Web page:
The issue in Makin was similar; the plaintiff was in segregation and unable to eat his meals when delivered. 183 F.3d at 1208-09. Although the policy for other Muslim inmates noted that Muslims must fast from two hours prior to sunrise until after sunset during Ramadan, the issue decided by the court was unrelated to the required time for breakfast. Id. In Lovelace, the court addressed whether an inmate's rights were violated when he was unable to participate in Ramadan after he was falsely accused of violating a prison rule. 472 F.3d at 195-199. The court did not determine the required time for breakfast during Ramadan.

This Court recently determined in a similar case that Linderman and Ryan were entitled to qualified immunity on this issue. Bomar v. Linderman, et al., CV-13-0253-PHX-ROS (LOA) (Doc. 30). And even assuming that Plaintiff wrote to prison officials about the issue of feeding time, that is not legal authority. The Court finds that there was no legal authority that would have put Defendants on notice that providing the morning meal before sunrise, rather than before dawn, would violate inmates' constitutional rights.

2. Availability of Relief

Defendants also contend that Plaintiff cannot prevail as a matter of law on any claim asserted under RLUIPA because Defendants cannot be held liable under RLUIPA for monetary damages in their official or individual capacity. In addition, they argue that Plaintiff's lawsuit concerns meal policies in 2012, he was already denied injunctive relief for 2013, and his claim is, therefore, moot. (Doc. 35 at 9.) Plaintiff responds that he did not seek damages. (Doc. 39 at 2.) Plaintiff also argues that he may still be entitled to declaratory and injunctive relief. ( Id. at 4.) He contends that generally a case should not be considered moot if the defendant voluntarily ceases allegedly improper behavior in response to a lawsuit but is free to return to it at any time. ( Id., citing Native Vill. of Noatak v. Blatchford, 38 F.3d 1501, 1510 (9th Cir. 1994).)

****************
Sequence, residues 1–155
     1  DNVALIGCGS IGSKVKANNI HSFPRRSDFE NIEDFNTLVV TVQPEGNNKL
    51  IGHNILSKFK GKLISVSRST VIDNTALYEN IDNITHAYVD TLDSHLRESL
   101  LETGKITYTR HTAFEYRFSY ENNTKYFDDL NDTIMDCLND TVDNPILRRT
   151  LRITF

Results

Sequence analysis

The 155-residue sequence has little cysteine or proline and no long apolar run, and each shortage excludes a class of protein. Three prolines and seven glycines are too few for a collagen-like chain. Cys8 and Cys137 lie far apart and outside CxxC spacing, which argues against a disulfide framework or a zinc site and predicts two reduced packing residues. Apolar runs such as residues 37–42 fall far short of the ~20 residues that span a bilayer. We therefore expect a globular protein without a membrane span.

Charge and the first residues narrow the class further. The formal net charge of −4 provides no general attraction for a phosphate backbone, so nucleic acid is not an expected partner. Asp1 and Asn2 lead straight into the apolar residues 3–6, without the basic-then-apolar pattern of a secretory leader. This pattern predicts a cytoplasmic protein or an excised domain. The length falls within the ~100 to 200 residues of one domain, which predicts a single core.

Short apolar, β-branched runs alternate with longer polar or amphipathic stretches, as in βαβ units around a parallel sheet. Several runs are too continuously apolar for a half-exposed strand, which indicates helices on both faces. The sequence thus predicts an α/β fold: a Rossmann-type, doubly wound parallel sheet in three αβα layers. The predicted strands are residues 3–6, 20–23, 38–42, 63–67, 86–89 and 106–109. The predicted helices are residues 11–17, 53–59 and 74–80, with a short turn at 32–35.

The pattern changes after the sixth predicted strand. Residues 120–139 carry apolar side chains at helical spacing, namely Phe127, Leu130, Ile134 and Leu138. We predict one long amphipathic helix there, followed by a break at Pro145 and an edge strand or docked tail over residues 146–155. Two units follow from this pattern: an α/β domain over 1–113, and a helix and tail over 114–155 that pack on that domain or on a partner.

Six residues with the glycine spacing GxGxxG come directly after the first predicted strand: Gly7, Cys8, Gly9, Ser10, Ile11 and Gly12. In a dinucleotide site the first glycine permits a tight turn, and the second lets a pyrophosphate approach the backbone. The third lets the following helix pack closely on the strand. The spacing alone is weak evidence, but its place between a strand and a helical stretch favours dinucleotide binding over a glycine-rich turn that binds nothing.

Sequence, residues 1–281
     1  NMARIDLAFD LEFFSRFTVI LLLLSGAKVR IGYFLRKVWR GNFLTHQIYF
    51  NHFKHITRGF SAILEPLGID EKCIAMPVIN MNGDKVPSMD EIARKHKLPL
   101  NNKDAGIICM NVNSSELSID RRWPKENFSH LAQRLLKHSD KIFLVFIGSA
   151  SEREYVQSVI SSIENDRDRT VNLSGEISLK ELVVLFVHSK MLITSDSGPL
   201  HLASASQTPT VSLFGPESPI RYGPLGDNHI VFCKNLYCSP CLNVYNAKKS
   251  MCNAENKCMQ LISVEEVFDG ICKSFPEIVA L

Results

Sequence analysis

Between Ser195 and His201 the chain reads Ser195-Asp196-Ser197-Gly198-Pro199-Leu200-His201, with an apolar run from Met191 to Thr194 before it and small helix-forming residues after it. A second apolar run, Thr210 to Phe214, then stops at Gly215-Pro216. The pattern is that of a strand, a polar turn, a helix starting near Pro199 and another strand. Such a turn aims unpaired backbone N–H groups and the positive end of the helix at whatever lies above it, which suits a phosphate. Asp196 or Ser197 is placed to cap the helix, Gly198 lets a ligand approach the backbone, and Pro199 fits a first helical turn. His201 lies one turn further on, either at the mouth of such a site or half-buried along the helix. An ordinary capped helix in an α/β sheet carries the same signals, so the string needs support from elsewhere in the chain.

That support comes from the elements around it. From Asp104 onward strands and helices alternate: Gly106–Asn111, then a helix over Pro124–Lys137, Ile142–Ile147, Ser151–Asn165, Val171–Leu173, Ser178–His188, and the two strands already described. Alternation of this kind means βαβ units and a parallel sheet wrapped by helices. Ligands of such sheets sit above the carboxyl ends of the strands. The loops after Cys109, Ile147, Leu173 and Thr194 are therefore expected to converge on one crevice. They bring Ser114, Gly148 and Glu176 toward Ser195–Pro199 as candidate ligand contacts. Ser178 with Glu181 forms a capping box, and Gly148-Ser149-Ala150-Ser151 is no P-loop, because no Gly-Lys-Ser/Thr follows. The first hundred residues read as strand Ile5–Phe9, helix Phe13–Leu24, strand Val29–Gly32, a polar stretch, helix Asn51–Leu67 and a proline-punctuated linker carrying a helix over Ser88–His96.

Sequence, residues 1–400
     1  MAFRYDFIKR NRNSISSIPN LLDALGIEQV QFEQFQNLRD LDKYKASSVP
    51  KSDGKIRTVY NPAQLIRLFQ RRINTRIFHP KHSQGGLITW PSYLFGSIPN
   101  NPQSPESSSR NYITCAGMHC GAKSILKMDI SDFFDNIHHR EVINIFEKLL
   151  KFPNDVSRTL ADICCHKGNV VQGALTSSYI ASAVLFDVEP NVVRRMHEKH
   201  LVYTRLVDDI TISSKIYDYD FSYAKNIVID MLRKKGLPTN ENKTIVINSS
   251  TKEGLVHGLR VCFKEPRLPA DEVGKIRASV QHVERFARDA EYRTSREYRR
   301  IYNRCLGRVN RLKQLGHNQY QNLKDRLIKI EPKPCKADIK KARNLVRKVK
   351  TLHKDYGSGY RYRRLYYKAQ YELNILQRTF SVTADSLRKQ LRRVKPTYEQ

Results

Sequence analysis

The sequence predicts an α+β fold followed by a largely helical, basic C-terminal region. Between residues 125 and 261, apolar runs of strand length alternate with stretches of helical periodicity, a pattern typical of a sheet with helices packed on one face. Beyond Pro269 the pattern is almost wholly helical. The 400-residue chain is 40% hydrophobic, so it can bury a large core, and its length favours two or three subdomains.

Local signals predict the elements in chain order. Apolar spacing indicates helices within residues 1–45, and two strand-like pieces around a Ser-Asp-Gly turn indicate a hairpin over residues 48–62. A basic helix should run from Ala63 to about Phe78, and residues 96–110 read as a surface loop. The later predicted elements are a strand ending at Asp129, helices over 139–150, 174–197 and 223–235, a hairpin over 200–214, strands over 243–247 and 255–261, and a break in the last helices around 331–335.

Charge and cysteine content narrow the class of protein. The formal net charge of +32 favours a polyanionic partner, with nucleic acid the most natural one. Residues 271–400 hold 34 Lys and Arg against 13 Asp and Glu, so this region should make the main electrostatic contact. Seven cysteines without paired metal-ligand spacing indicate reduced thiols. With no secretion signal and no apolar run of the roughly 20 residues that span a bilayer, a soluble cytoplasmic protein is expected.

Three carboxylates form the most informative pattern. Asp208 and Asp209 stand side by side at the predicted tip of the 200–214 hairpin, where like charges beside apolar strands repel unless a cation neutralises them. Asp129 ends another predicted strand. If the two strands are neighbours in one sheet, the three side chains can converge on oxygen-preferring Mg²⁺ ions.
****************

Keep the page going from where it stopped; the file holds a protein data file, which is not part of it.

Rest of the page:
As to damages, the grant of qualified immunity means Plaintiff is not entitled to damages on the First Amendment claim, and no damages are available under RLUIPA.[3] As to injunctive relief, in its Order denying Plaintiff's request for a temporary restraining order and preliminary injunction for Ramadan 2013, the Court stated that ADC is not following the 2012 policy in 2013; "[c]urrently, ADC is serving Muslim practitioners... with a breakfast sack meal during the evening meal prior to breakfast, so inmates can eat at whatever time they choose in the morning." (Doc. 25 at 4.) (Emphasis in original.) The Order notes that Plaintiff acknowledges that Defendants have abandoned their 2012 Ramadan policy of providing breakfast at 5:00 a.m. ( Id. ) But it also states that because ADC is providing the pre-dawn meals in the evening, "this aspect of plaintiff's RLUIPA claim is moot, at least as it pertains to Ramadan 2013. " ( Id. at 21.) (Emphasis added.)

Defendants do not bother to reply and so do not rebut Plaintiff's arguments regarding mootness. In opposing the request for a preliminary injunction, Defendant Linderman stated only that " This year [2013], breakfast will be served in the form of a breakfast sack meal during the evening meal prior to breakfast...." (Doc. 22, Ex. 1 ¶ 5.) (Emphasis added.) Defendants did not represent that they had made a permanent change in their policy.

The Court finds that the request for injunctive relief in Plaintiff's SAC is not limited to relief for 2013. (Doc. 17.) The Court notes that Plaintiff is serving a life sentence.[4] Moreover, Defendants have not met their burden to show that their voluntary cessation of the 2012 policy is sufficient to render Plaintiff's request for injunctive relief moot. See Rosebrock v. Mathis, ___ F.3d ___, 2014 WL 982897, *5-6 (9th Cir. Mar. 14, 2014).

The Court will deny without prejudice Defendants' request to dismiss the First Amendment and RLUIPA claims for injunctive relief. The Court will give Defendants 30 days to file a motion to dismiss the claims for injunctive relief with proper evidence demonstrating that they have permanently changed the policy regarding breakfast time for Muslims during Ramadan. See id. at *6.


(1) The reference to the Magistrate Judge is withdrawn as to Defendants' Motion for Partial Judgment on the Pleadings (Doc. 35).

(2) Defendants' Motion to Dismiss (Doc. 35) is granted in part and denied in part as follows:

(a) granted as to all damage claims in Counts One and Three, and
(b) denied without prejudice in all other respects.

(3) Defendants have 30 days to file a motion to dismiss with proper evidence demonstrating that they have permanently changed the policy regarding breakfast time for Muslims during Ramadan. Plaintiff will have 30 days to file a response to any such motion, and Defendants are directed to file a reply to any response.

(4) The remaining claims are the claims for injunctive relief in Counts One and Three and the claims in Count Two.